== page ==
The $100,000 Word - What the F: What Swearing Reveals About Our Language, Our Brains, and Ourselves - Benjamin K. Bergen

What the F: What Swearing Reveals About Our Language, Our Brains, and Ourselves - Benjamin K. Bergen (2016)

Chapter 10. The $100,000 Word

Kobe Bryant was the starting shooting guard for the Los Angeles Lakers from the time he was drafted straight out of high school in 1996 until he retired in 2016. Over those twenty years, he saw most everything the National Basketball Association (NBA) has to offer. Yet even he was still prone to emotional swings on the court. In a game against the San Antonio Spurs on April 12, 2011, Bryant was whistled for an offensive foul and then a technical foul. He demonstrably disagreed with the calls—as he came off the court, he punched a chair and threw a towel onto the ground. The producers of the live broadcast kept the cameras trained on the commotion, a fact he might not have been aware of when, from the bench, he yelled at referee Bennie Adams, “Bennie! Fucking faggot!” Analyst Steve Kerr immediately suggested to the producer on air, “You might want to take the camera off him right now, for the children watching from home.”1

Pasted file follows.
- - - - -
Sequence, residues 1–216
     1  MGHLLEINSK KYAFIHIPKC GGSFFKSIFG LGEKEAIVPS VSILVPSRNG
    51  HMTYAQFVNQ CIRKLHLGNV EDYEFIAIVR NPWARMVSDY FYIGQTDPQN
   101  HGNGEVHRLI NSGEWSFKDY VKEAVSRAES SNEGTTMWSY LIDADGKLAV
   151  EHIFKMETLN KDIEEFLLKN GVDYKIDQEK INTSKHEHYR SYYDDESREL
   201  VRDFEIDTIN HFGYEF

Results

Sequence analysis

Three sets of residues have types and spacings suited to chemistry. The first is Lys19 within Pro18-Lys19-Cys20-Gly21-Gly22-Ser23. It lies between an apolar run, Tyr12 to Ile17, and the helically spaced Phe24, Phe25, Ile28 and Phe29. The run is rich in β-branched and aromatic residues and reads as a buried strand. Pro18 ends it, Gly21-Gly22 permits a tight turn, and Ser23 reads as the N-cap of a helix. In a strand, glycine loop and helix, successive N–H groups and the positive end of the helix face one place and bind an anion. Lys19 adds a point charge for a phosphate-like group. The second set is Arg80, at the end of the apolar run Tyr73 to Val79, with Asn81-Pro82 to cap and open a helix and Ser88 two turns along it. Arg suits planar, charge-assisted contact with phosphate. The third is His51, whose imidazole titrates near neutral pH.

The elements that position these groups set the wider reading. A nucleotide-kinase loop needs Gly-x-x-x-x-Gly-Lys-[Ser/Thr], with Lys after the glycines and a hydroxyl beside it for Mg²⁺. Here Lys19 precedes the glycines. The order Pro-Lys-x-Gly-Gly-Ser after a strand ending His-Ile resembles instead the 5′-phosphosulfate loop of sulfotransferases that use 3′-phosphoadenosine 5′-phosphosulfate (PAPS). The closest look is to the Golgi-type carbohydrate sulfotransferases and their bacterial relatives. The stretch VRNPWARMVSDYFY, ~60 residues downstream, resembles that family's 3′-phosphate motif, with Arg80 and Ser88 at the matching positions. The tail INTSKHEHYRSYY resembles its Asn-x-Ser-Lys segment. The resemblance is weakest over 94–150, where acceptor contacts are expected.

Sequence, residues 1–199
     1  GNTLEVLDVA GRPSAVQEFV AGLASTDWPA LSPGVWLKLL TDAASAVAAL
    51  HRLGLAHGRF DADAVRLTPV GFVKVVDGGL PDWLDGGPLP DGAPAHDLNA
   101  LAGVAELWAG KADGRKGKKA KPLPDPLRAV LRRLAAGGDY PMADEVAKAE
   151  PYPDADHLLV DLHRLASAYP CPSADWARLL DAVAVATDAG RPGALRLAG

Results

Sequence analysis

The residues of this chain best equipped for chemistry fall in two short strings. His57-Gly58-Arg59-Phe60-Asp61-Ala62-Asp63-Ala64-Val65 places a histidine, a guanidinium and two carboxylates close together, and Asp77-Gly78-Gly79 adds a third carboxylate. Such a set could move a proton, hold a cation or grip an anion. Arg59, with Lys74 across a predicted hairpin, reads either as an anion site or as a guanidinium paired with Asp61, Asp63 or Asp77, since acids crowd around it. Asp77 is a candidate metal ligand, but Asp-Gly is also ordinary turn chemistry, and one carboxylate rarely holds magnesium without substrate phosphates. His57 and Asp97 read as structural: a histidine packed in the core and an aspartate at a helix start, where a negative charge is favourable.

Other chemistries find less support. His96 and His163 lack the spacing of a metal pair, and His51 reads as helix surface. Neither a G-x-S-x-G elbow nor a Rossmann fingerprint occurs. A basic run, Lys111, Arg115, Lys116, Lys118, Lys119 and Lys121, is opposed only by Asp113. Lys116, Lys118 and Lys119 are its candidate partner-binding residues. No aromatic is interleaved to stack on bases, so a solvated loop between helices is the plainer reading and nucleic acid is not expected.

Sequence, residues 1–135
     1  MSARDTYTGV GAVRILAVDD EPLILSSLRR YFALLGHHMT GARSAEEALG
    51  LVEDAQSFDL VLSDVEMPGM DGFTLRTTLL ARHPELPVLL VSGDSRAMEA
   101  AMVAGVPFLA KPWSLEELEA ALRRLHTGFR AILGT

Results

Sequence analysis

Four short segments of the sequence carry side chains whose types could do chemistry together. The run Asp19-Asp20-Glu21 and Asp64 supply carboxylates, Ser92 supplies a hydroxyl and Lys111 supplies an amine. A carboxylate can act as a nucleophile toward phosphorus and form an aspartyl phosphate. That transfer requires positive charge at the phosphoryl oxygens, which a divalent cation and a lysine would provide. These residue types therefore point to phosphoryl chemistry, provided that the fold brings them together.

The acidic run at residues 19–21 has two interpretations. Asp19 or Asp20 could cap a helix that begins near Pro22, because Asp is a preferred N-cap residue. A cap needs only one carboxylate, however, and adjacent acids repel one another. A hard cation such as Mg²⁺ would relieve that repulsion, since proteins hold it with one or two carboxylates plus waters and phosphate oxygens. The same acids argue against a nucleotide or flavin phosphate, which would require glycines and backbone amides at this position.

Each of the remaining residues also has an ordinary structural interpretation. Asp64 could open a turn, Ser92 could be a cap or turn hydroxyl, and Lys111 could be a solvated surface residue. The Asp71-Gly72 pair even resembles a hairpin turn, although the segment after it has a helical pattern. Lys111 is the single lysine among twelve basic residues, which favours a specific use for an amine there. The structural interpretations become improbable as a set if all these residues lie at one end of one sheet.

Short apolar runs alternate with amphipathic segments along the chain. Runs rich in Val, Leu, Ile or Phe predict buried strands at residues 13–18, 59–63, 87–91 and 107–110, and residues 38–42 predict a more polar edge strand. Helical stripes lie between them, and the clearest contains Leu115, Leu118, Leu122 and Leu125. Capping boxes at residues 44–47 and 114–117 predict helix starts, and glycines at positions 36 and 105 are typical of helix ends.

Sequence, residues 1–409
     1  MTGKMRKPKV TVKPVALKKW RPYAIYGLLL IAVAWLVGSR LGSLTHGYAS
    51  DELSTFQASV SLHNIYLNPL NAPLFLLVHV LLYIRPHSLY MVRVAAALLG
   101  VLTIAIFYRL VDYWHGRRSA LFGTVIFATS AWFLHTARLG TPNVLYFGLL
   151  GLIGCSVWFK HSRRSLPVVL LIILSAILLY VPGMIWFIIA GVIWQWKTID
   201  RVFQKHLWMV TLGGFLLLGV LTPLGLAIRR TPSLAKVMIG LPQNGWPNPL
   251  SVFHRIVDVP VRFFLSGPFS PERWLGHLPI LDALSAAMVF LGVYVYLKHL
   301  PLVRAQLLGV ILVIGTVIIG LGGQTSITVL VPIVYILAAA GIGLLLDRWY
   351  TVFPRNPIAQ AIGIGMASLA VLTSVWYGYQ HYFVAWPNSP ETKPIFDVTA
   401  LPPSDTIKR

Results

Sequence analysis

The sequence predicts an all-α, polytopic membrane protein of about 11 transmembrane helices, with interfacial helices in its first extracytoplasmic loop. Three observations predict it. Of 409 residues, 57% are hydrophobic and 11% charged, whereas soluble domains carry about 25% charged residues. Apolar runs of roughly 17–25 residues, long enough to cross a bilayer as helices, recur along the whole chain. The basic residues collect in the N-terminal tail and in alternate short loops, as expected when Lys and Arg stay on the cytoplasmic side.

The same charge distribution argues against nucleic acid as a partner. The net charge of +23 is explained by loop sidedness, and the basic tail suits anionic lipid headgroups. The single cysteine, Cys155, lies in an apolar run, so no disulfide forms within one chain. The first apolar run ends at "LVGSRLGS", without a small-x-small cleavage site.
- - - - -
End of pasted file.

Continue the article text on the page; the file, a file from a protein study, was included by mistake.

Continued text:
Even for a twenty-year veteran like Bryant, sports are emotional. Beyond the familiar thrill and agony of, respectively, victory and defeat, athletes experience anxiety about performance, pain from injury, anger at officials’ decisions, relief after prevailing in a must-win situation, and so on. As we’ve already seen, profanity is a privileged conduit to emotion. Add to the mix the intensity, pressure, competition, and spontaneity of sports, and it’s really no surprise that athletes swear.

And they swear a lot. This probably wouldn’t stir up too much controversy if we were just dealing with enthusiastic fuck yeahs of victory and saturnine aw fucks of defeat. But we’re not. Oftentimes, as in Kobe Bryant’s case, the profanity belongs to the linguistic third rail of slurs. Fucking might not be hard to play off, but faggot is going to keep your publicist busy.

Now, to close out this particular episode, Bryant later apologized and explained that he had spoken “out of frustration during the game, period” and that “the words expressed do not reflect my feelings toward the gay and lesbian communities and were not meant to offend anyone.” And to his credit, he’s refashioned himself as an advocate for LGBTQ rights and respectful speech. For example, when Jason Collins came out as the NBA’s first openly gay player, Bryant had this to say: